gimmethatbook

Reviews of what you should be reading next.

Month: January 2020

The Truth About Animals by Lucy Cooke

Mary Roach meets Bill Bryson in this “surefire summer winner” (Janet Maslin, New York Times), an uproarious tour of the basest instincts and biggest mysteries of the animal world

Humans have gone to the Moon and discovered the Higgs boson, but when it comes to understanding animals, we’ve still got a long way to go. Whether we’re seeing a viral video of romping baby pandas or a picture of penguins “holding hands,” it’s hard for us not to project our own values–innocence, fidelity, temperance, hard work–onto animals. So you’ve probably never considered if moose get drunk, penguins cheat on their mates, or worker ants lay about. They do–and that’s just for starters. In The Truth About Animals, Lucy Cooke takes us on a worldwide journey to meet everyone from a Colombian hippo castrator to a Chinese panda porn peddler, all to lay bare the secret–and often hilarious–habits of the animal kingdom. Charming and at times downright weird, this modern bestiary is perfect for anyone who has ever suspected that virtue might be unnatural.

Thanks to NetGalley for this review copy!

This book reads like it was written by the love child of Charles Darwin and Mary Roach. There is humor, pathos, and animal facts aplenty. The author’s writing style is easy to read and captured my attention immediately. The love Cooke has for these beasties is quite obvious from the start. Hopefully, given the facts, others will learn to appreciate these maligned characters that occupy the animal world.

Each chapter is devoted (lovingly) to a misunderstood animal, where we find myths debunked through modern science. The reader will learn about sloths, bats, and hyenas, to name a few. The author will discuss how the animals were experimented on/studied over hundreds of years (Who knew that Aristotle was a proponent of spontaneous creation?) then get to modern times, where myths are debunked and the many reasons to love these animals are revealed.

Some of the experiments detailed can be a bit gory, such as when, in the 18th century, the Catholic priest Lazzaro Spallanzani practiced blinding bats in order to find out how they managed to find their way around in darkness. (He also coated them in varnish for another experiment, but I digress).  Other tales are edifying and satisfying, such as:

It may sound suspiciously like bogus medieval folk medicine, but from the 1940s through the 1960s the world’s first reliable pregnancy test was a small, bug-eyed frog. When injected with a pregnant woman’s urine, the amphibian didn’t turn blue or display stripes, but it did squirt out eggs 8-12 hours later to confirm a positive result.

Cooke’s book is full of factoids like that one. How can you not love this book? You will learn, you will laugh, and you will be full of obscure information. That sounds like a winner to me.

Yes, you want your own copy and can pick it up here.

Call Me Cass by Kelly Stone Gamble

Cass Adams is finally happy. She has a man who loves her, a family that understands her, and a baby on the way. Other than seeing the occasional dead person, Cass feels normal. But pregnancy has an unwelcome side effect. Cass is having visions of the future, just like Grams does. While some are cloudy, Cass knows one thing for certain. Her best friend, Maryanne, is going to die.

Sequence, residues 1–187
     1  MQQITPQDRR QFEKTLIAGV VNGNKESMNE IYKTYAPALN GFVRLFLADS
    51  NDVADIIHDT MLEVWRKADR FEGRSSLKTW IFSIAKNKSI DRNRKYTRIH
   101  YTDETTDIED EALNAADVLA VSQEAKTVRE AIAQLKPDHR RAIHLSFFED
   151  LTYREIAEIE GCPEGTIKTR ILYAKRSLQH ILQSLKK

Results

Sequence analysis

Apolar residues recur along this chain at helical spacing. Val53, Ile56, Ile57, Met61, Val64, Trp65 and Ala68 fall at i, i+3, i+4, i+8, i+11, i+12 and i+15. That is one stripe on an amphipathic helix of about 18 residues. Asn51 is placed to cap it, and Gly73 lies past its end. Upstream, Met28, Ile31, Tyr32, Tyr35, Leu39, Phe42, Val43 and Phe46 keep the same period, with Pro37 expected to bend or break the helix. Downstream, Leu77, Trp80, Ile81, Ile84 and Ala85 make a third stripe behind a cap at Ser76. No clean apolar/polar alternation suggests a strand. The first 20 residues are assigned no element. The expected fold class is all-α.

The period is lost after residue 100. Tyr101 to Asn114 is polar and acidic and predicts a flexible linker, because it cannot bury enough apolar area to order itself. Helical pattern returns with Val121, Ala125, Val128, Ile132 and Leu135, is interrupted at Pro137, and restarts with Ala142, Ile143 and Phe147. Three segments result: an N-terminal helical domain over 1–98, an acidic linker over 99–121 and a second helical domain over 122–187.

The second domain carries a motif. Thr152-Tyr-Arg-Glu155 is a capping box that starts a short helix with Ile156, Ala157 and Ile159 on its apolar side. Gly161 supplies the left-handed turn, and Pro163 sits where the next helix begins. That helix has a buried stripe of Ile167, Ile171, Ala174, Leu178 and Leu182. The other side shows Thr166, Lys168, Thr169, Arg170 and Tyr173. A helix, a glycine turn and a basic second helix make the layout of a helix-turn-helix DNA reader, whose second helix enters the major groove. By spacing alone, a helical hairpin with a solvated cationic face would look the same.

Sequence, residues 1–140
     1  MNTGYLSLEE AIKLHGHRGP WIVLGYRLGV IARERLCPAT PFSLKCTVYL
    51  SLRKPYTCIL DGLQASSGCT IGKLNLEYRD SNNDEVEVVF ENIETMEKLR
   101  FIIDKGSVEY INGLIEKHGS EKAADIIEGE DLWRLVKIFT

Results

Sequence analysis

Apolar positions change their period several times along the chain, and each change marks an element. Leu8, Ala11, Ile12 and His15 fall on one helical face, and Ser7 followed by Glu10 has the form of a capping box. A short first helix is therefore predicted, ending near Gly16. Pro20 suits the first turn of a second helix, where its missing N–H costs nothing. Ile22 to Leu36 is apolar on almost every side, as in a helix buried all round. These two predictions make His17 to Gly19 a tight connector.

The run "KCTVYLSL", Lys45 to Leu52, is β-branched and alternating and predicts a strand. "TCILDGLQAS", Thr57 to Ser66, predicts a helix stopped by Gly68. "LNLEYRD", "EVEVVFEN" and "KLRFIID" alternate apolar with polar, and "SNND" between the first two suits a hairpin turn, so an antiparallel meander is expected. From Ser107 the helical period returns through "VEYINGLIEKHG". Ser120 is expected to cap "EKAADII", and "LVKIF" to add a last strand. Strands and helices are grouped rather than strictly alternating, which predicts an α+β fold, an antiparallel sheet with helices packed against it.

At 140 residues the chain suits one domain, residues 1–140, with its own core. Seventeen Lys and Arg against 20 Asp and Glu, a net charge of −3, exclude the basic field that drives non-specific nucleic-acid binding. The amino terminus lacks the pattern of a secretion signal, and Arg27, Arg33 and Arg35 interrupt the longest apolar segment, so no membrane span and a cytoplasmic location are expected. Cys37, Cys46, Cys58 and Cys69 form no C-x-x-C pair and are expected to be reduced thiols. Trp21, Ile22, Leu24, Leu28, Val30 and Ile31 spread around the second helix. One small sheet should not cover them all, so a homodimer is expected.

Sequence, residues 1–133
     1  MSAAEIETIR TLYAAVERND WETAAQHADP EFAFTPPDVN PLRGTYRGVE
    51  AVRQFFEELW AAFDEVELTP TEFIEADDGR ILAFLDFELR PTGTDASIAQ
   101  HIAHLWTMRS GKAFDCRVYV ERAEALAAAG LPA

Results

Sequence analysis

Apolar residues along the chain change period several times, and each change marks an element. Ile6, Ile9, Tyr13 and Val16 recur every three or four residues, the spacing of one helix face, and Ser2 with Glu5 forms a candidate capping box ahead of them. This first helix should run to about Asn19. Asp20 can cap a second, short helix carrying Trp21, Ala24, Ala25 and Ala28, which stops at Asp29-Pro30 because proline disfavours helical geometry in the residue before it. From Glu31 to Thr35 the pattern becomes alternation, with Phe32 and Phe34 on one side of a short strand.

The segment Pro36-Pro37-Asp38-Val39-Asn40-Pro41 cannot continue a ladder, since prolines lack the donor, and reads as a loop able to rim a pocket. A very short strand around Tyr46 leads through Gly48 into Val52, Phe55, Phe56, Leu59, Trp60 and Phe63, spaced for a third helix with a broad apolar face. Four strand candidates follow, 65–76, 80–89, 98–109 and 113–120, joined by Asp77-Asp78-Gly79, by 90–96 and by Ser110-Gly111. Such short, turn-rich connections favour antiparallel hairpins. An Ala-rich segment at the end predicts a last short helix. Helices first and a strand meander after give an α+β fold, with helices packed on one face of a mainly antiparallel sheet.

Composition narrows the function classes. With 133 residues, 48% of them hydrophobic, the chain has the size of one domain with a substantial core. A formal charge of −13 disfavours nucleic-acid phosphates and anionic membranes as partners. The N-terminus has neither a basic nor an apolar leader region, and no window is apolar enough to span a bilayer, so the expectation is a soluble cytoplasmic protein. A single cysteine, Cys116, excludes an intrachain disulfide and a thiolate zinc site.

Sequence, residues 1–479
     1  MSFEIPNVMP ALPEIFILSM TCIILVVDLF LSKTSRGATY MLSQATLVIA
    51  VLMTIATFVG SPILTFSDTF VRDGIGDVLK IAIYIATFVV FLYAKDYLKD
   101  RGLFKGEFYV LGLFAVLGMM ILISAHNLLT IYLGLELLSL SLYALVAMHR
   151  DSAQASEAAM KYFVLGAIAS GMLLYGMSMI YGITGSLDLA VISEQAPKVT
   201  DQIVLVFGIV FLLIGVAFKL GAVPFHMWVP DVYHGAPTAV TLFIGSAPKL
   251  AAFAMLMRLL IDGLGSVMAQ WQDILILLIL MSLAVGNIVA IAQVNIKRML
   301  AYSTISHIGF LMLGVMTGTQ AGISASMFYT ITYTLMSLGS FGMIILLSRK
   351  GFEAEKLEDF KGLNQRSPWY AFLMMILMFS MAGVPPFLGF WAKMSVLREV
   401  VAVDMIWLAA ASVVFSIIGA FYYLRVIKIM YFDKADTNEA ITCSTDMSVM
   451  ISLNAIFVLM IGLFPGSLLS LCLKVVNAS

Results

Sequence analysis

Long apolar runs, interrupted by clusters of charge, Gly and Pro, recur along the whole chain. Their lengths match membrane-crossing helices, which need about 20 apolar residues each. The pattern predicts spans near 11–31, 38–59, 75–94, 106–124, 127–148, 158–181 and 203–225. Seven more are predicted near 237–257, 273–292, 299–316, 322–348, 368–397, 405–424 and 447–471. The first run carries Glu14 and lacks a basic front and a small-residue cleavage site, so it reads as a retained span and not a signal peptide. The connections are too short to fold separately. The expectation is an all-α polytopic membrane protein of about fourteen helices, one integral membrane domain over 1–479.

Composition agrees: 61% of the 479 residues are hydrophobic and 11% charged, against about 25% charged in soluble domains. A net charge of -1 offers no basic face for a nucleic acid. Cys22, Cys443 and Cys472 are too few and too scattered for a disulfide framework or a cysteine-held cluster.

Police Chief Benny Cloud has his own problems. His father has been released from prison and is on his way home to surprise Benny’s mother, who’s been keeping time with the county sheriff. Fat Tina’s Gentlemen’s Club is under siege by protestors. And it’s growing dark outside.

A devastating storm is coming to Deacon, Kansas. In its wake, the town must deal with tragic losses that force everyone to reevaluate their lives.

Thanks to the author for this review copy!

One thing about Kelly Stone Gamble is that she is adept at creating character backstory. In CALL ME CASS we see all of our favorites from her previous two books but with more depth. This is accomplished by having each chapter told from a different point of view – something that I usually dislike – but it works here. We are privy to each character’s deepest thoughts and fears and learn who dislikes who (and why). These inner thoughts are both poignant and hilarious at the same time.

In this 3rd book of the series, Cass is ready to give birth while a massive tornado is bearing down on Deacon, Kansas. She is also struggling with one of her visions – her best friend Maryanne is supposed to die. Each character experiences the huge storm in their own way, and no one is unaffected. Deacon is destroyed and we stay with Cass & Co. while everyone picks up the collective pieces.

Gamble’s real talent lies in her ability to create friendships and deep connections in her storytelling. It feels like there are true bonds between Fat Tina, Angus, Clay, and the rest of the Deaconites. Kindness shines through on nearly every page no matter which character is telling the story at the moment. The characters are quirky and fun, and they all show compassion when the situation warrants.

The storm creates serious suspense while also serving as a cleansing for the town, since a few of the characters experience revelations about their life, their relationships, and their dreams. This proves to create a satisfying ending despite the fact that some of the characters did not survive the storm. I felt truly sad for these characters and wish things turned out differently. This shows how strongly the author is able to create lasting emotions in her readers through her writing. Anyone who can make the reader feel for a fictional character is a winner in my opinion.

Want your own copy? You can pick it up here.

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